You and I are like that farmer. We scatter seeds wherever we go through giving of our time, our resources and our money. I believe that we can have wisdom in where we scatter those seeds and that we can do things to help those seeds persist until they reproduce. A farmer doesn’t just scatter seeds. They water them, enrich the soil with nutrients and pull weeds around them. If we want to maximize the harvest, we need wisdom in how and where we spend our time and money. It’s God who gives the harvest, but He only does that when we give when and where He tells us because only He knows which soil is fertile.

Photo by Evie Shaffer on Unsplash

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Lasting Motivation

  
In a training class, I was recently taught that there are three basic motivations: compliance, identification, and internalization. As I learned more about them, it made me realize that many people approach Christian living using one of these three motivating factors. When I explain them, you will realize where you’ve been and where you fall now in these with your approach to living like Jesus. I’ll include the Parable of the Sower, from Matthew 13, to show the end result of each of these.

The first one, compliance, is where many people initially fall. The motivation is “Do it, or else!” There’s a constant threat living over you that if you don’t do it right, you’re done for. As long as you’re at church or church people, you live the way you should. When you’re away, you go back to how you want to live. Living like this is like the seeds that fell on the footpath. The birds came and ate them up. Trying to live a double life ends in failure. No one wants to try to live like Jesus if there’s a constant threat being held against them.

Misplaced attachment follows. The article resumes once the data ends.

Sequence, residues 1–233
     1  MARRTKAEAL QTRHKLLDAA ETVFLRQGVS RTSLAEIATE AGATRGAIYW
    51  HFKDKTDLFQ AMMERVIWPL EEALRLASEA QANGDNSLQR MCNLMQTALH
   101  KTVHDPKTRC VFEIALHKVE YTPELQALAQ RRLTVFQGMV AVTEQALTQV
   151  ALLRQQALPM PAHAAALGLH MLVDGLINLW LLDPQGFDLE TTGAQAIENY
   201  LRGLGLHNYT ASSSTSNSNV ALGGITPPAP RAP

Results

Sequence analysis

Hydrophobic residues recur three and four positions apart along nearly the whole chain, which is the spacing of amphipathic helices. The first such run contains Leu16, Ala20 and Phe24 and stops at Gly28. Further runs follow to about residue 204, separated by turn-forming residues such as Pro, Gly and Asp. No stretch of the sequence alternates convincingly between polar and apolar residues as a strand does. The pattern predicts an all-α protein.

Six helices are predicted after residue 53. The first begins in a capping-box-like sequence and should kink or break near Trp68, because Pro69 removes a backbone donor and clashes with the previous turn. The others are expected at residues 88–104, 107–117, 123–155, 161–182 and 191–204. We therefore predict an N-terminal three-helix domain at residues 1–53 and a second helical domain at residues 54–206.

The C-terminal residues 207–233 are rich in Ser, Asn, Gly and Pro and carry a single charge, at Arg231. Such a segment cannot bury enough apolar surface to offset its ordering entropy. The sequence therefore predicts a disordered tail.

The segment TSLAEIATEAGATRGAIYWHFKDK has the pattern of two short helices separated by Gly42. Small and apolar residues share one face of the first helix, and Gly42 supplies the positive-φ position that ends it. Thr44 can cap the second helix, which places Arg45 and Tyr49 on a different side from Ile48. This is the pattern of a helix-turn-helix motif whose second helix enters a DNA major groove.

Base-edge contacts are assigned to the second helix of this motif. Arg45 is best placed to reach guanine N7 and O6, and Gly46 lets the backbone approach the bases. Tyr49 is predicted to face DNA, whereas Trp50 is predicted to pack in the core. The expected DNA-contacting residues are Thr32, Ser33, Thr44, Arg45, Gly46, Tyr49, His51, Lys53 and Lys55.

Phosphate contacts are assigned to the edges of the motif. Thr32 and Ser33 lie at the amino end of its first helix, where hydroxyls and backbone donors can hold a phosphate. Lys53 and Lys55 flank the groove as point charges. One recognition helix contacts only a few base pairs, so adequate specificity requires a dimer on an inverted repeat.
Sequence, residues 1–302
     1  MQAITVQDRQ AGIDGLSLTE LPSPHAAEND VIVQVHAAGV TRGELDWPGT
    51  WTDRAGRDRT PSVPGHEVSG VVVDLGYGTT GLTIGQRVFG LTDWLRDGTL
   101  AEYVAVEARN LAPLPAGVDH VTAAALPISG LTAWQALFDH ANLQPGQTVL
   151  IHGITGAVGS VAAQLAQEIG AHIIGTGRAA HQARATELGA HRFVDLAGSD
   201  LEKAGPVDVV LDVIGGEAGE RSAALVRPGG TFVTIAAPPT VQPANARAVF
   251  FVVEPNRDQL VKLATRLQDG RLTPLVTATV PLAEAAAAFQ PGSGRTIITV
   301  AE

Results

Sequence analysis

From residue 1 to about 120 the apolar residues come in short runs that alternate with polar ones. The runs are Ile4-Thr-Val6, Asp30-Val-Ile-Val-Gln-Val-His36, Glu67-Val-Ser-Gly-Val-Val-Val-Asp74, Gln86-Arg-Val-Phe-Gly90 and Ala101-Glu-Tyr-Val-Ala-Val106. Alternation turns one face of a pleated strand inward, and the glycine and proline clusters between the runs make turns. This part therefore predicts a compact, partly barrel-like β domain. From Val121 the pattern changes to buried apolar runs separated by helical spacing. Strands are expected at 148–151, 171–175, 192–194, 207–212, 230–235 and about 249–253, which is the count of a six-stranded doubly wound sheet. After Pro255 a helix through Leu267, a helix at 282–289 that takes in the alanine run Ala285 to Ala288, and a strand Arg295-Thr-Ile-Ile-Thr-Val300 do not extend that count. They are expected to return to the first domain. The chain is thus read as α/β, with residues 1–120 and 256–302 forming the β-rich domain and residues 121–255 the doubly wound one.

The second one, identification, is where you see someone else’s life, you identify with the end result, and you want to be like them to get their blessings. You’ll be motivated to do some things like join a small group, go to church on Wednesday, or even give your tithe, but what you’re missing is how to live that way consistently. To me, this is like the seed that fell in shallow soil. They sprout up quickly, but can easily wilt under the hot soon because they lack deep roots.

The third one, internalization, is where you take to heart what you hear and do whatever it takes so that the changes become who you are. This is the only one that produces long lasting change because it’s a change in your heart and mind. It’s like the seeds that fell on fertile soil. It will grow and reproduce thirty, sixty, and hundred times what was planted.

Your desire to follow Jesus shouldn’t be because you are afraid to go to hell. That will only last so long. It also shouldn’t be because you want the same blessings someone else has. When they don’t come quickly, you’ll give up. Your desire to follow Jesus should come because you met Him, want a relationship with Him, and will follow Him because of your love for Him. When you do that, your mind changes and so does your life. It’s what’s described in Romans 12:2, “Let God transform you into a new person by changing the way you think. Then you will learn to know God’s will for you, which is good and pleasing and perfect” (NLT). When you internalize what Jesus did for you, your life will reflect it in your living.